Nature of Home
The Dendroica Project’s first guest post from someone very special to me, with whom I share a way of seeing the natural world that surrounds us. I’ll be back for the Solstice in June. —Mark
Once I flagged an oddly shaped oak tree as a keeper, when the conservation forester had slated it for removal.
If I didn’t flag my favorite tree, I knew that the next week, Bob, a cheery man who had aspired to join his father’s logging business at an age when other children were playing with toy machinery, would climb into the armored cab of a feller-buncher where he was completely at home. His big hands would work the device’s mechanical arms and articulated blades.
Advancing on tracks, the feller-buncher can grasp a well-grown tree, shear it inches from the soil, and set it neatly in a stack. This expertly-worked machine, with Bob at the helm, would remove more than half of the tightly grown oaks. The dense grove would be thinned to the park-like savanna density that settler-surveyors had mapped in the early 1800s.
Why? To let a few lucky trees develop large and full in ample sunlight, to provide food and habitat for wildlife and birds that evolved in the now vanishingly rare oak savannas.
Oaks grown in the shadow of these conifers are spindly and wan -- evidence of a disrupted symbiosis, an ecosystem without its longstanding human participants. In the absence of this management, one can find the withered skeletons of oaks under closed canopies of Douglas-fir, or scrawny oaks grown as tightly as the hairs on a dog’s back.
Suffice it to say – the consulting forester had flagged the more robust trees to indicate that Bob and the feller-buncher should pass them by. But my favorite tree, that I called the Lunchtime Oak, was not among the keepers. This oak had a protuberant root that was a comfortable height for a seat. After my long shifts of applying chemicals to introduced blackberry bushes, the Lunchtime Oak beckoned me like an easy chair.
I discreetly applied flagging of the appropriate color. It was a keeper.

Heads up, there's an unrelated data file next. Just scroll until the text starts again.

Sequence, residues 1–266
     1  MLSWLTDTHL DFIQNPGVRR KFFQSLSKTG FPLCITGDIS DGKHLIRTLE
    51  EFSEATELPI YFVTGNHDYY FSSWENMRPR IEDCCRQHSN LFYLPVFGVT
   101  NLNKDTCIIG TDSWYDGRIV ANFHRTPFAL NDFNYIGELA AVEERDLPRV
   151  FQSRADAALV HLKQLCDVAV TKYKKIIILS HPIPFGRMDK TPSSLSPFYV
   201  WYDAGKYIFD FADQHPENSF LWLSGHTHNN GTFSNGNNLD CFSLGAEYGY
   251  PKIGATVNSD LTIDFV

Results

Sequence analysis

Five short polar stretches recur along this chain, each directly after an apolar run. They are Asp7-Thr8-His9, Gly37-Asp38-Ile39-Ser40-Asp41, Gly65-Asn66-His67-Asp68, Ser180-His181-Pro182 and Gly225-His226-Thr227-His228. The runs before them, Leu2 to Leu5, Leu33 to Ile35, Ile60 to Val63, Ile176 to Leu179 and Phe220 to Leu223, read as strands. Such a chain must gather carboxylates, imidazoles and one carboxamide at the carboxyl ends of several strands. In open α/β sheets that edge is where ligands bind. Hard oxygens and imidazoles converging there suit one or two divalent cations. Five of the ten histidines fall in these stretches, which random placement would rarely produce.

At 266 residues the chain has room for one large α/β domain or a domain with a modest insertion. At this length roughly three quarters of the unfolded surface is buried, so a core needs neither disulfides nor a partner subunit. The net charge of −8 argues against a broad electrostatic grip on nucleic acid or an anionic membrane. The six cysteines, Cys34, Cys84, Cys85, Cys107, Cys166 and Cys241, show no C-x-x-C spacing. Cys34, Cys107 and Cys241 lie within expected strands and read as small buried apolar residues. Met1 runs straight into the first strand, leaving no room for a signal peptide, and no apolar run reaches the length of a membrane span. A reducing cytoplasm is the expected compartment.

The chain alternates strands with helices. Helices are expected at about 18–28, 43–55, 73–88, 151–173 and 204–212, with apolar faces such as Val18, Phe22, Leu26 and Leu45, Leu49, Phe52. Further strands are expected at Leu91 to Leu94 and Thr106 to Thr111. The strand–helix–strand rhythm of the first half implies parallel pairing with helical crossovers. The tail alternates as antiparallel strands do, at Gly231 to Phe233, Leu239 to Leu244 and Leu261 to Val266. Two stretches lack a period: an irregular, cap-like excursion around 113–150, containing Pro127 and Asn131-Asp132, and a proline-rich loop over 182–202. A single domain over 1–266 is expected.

The project went forward and the trees without the marking were removed. The consulting forester had left some Douglas-firs which the climbers next had to remove. Equipped with spiked boots, ropes and chainsaws, they ascended to the canopies, and at home in these perilous heights, wielded whining saws to cut off the top of each conifer. Over time, the conifers would die, insects would move in, and birds would make the snag their home.
One day, I approached the Lunchtime Oak to see a smattering of neat shavings on the ground. I looked up into the startled red face of a sapsucker, peering from a newly carved-out hole. The bird gave a cry and flew out. Perhaps the nearby equipment shop was too noisy for the sapsucker. I didn’t see it again.
Other birds moved in, though. I’m not sure how the acorn woodpeckers knew but it seemed like only days before I heard their cackling calls. The newly spacious savanna offered unobstructed flight, and in time, potentially more of the sustaining acorns than the thicker grove of light-deprived trees.
Perhaps it was irresponsible of me to save the oak just because I enjoyed sitting on it. Overhanging a driveway, it may pose a risk to vehicles and equipment parked nearby. But, I got a sense of leaning back into it and releasing a deep breath. The tree was a respite in the never-ending work of trying to make overgrown forests into savannas and overgrazed fields into wildflower studded prairies.
When I was five, I told my mom I was in love with a tree. We were at a campsite with pale sandy soil and oddly shaped ponderosa pines – though my tree identification skills were nil at the time, the unmistakable vanilla fragrance permeates this memory and conjures it when I scent a ponderosa today.
The ponderosa leaned at an odd angle such that I could shimmy up the trunk and lie draped over it. I lay across the tree and felt a groundedness I had not realized I wanted. My family had been traveling for months. Though we had a neat craftsman style house in the hills of a small city in Eastern Oregon, home that summer was an RV. But in the craftsman or in the RV I had never felt groundedness quite like I felt lying against the ponderosa. Its scented bark and horizontal strength exerted a gentle magnetism that put me fully at rest from my child’s epicycles of movement, superimposed on the bigger orbit my family had undertaken. It was perhaps the first time I was aware of being still and completely focused.
When my mom said it was time to break camp, I told her I was in love with the tree. She said I could stay on the tree, which she could see from our campsite, until the moment we had to drive on. I’m grateful for a mother like this. Because of her, I could be drawn to the vanilla scent of an oddly angled ponderosa, its burnished puzzle piece bark leaving an indent in my cheek and catching my braid. Finally, and with love, Mom lifted me down and buckled me in for the day’s journey.
What does it mean to be at home in nature when everything is a data point or a system to be managed with intense interventions? It means that I need to stop periodically and tune in from behind a clipboard or mapping device and enjoy the flock of drunken robins feasting on fermenting hawthorn berries, zany in wobbling flight between the red-studded branches. It means I need to lean back against the Lunchtime Oak, like I leaned against that ponderosa when I was five, and know I belong here.